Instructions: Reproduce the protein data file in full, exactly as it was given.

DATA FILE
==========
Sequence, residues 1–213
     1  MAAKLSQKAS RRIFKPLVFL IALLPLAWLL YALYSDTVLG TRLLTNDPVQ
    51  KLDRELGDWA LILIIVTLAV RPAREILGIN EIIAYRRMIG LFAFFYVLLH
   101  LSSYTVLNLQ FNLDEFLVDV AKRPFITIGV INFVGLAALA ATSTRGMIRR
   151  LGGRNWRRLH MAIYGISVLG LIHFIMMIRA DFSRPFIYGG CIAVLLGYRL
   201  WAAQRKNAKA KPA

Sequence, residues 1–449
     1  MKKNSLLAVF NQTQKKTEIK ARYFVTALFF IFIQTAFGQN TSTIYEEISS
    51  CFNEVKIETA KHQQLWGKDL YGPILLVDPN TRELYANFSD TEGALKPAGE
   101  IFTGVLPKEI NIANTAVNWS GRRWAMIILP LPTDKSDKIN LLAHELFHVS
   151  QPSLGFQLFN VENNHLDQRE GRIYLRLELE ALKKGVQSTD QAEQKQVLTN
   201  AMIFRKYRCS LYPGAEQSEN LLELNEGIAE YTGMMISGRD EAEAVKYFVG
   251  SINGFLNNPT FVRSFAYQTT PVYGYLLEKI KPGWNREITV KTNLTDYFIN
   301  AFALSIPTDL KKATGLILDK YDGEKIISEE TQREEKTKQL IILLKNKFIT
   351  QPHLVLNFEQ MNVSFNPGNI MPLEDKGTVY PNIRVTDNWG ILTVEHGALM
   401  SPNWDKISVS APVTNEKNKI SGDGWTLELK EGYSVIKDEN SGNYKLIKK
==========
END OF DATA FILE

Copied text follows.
Sequence, residues 1–213
     1  MAAKLSQKAS RRIFKPLVFL IALLPLAWLL YALYSDTVLG TRLLTNDPVQ
    51  KLDRELGDWA LILIIVTLAV RPAREILGIN EIIAYRRMIG LFAFFYVLLH
   101  LSSYTVLNLQ FNLDEFLVDV AKRPFITIGV INFVGLAALA ATSTRGMIRR
   151  LGGRNWRRLH MAIYGISVLG LIHFIMMIRA DFSRPFIYGG CIAVLLGYRL
   201  WAAQRKNAKA KPA

Sequence, residues 1–449
     1  MKKNSLLAVF NQTQKKTEIK ARYFVTALFF IFIQTAFGQN TSTIYEEISS
    51  CFNEVKIETA KHQQLWGKDL YGPILLVDPN TRELYANFSD TEGALKPAGE
   101  IFTGVLPKEI NIANTAVNWS GRRWAMIILP LPTDKSDKIN LLAHELFHVS
   151  QPSLGFQLFN VENNHLDQRE GRIYLRLELE ALKKGVQSTD QAEQKQVLTN
   201  AMIFRKYRCS LYPGAEQSEN LLELNEGIAE YTGMMISGRD EAEAVKYFVG
   251  SINGFLNNPT FVRSFAYQTT PVYGYLLEKI KPGWNREITV KTNLTDYFIN
   301  AFALSIPTDL KKATGLILDK YDGEKIISEE TQREEKTKQL IILLKNKFIT
   351  QPHLVLNFEQ MNVSFNPGNI MPLEDKGTVY PNIRVTDNWG ILTVEHGALM
   401  SPNWDKISVS APVTNEKNKI SGDGWTLELK EGYSVIKDEN SGNYKLIKK